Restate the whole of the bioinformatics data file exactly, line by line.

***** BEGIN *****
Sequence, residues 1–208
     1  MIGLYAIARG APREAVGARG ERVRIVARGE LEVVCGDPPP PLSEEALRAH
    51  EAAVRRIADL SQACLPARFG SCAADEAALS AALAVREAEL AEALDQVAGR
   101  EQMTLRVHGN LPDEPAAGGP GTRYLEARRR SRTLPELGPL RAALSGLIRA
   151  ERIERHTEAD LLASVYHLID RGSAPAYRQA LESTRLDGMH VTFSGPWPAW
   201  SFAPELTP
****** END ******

Sequence, residues 1–208
     1  MIGLYAIARG APREAVGARG ERVRIVARGE LEVVCGDPPP PLSEEALRAH
    51  EAAVRRIADL SQACLPARFG SCAADEAALS AALAVREAEL AEALDQVAGR
   101  EQMTLRVHGN LPDEPAAGGP GTRYLEARRR SRTLPELGPL RAALSGLIRA
   151  ERIERHTEAD LLASVYHLID RGSAPAYRQA LESTRLDGMH VTFSGPWPAW
   201  SFAPELTP